Today’s post is a guest post from my friend, Sara Cormany.  She and I met in Kansas in a small group at the Community Bible Study in Overland Park, Kansas.  We were both young moms.  We are both still young moms.  I was pregnant that year with our second son, and we had just moved to Kansas from Georgia.  I considered Kansas “our foreign land”…kind of like how Moses and the Hebrews had to wander the desert for many years.  I felt like a Hebrew there.  However, there were some fine Christian men and women that we met on our journey through Kansas.  Thankfully Facebook keeps me connected to some of those special women.  With her permission, I am posting Sara’s Saturday status update:

The last few days have been a tad on the rough side.

Physically. Emotionally. Mentally.

Nothing grand or particularly noteworthy or life changing but just rough.

And when you forge through sleepless nights and treatments that require a lot of sitting, your mind meanders and wanders and over thinks the crud out of just about everything.

So in this state, over the past few days, my spirit has been filled with comparison.

Comparison to those who can run and jump and safely care for their kids around water.

Comparison to those who can’t even set up a yellow giraffe or purple octopus sprinkler.

Comparision to those who are camping and traveling and jet-setting while I just sit.

Comparison to those who are bedridden from now until Home.

Comparison to those who have babies in their own time and own way.

Comparison to those who have no babies at all.

But today’s comparison took the cake, literally…

Comparison to the people who made it to Dunkin’ Donuts before me and got the coconut donut I wanted.


Then comparison to those in the world who have nothing to eat.


And I found something intently wonderful at the end of this back-and-forth carousel of sometimes ridiculous comparison.

When I compare myself to those who have more or less, I am often thrown onto a see saw of bitterness and guilt. These seeds are most definitely not of the Spirit. And when they are scattered on the landscape of my heart and mind, Satan goes to town.

Guilt motivates me to unthinkingly and often blindly go down roads that I should, in retrospect, never have traveled. (Even when the Lord showers me with His abundant grace amid my blindness.) Bitterness leads me into dark corners that dim the light I have been created to share. It binds me, pins me and creates a hopeless cloud of sadness.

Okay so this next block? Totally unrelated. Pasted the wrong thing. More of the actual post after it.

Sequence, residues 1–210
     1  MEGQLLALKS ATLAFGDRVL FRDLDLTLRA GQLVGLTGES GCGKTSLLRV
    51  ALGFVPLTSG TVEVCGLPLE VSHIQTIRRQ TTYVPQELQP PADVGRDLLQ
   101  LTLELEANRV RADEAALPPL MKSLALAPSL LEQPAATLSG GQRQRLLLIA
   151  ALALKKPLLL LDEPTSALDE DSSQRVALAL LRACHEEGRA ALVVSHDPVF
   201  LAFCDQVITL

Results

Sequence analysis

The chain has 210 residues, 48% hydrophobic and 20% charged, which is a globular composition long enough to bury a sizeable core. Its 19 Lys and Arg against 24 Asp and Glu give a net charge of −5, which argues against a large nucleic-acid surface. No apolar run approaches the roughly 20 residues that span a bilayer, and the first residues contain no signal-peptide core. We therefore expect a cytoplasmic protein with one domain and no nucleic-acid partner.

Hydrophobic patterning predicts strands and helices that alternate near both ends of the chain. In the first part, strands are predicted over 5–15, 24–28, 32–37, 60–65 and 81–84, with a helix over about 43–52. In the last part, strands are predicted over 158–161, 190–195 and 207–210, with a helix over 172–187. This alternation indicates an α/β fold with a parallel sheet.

And I know that my God is anything but the author of hopeless.

I have He who conquers all within me. Who takes my hand and leads me to something stable and wonderful and motivating:


When I consider rather than compare, my heart becomes rooted in contentment and my hands become covered in compassion.

That’s the work of the Spirit.

He is not, as we in our humanity sometimes believe, a motivator who works through guilt and anger and self-centered thinking.

The Spirit opens our eyes through consideration and discernment to a place where we plainly recognize that the gift is not measured in our want or our excess.

Instead, the gift is in Jesus whose love, forged in want, demands a heart of content and the hands of compassion. 

This is Sara and her three children.  When asked if I could post her status message, Sara said this: Jennifer Cook, you bless me so. It is an amazing God who literally takes away, so He can be more. I am often overwhelmed by the very thought that a brain that so readily loses track of bills, objects and even (bless it) children can be used by the God of the universe to bless anyone. Humbled am I by such a severe and tender mercy that files away a measure of me so that He is praised. Nothing better short of heaven, girl! Nooothing. 🙂

Dear Lord,

May we think like Sara.  May we consider before comparing.  May we always be reaching for your Spirit to enter into our hearts to give us more contentment and compassion.  We do not often know why our life looks one way and another life looks different.  May we instead of questioning, trust you.  As John 9:3b states…”but this happened so that the work of the God might be displayed in his life.”…May the work of God be displayed in her life.  May the work of God be displayed in my life.  Thank you God for friends, family, and strangers who teach us lessons of your love and grace.   AMEN



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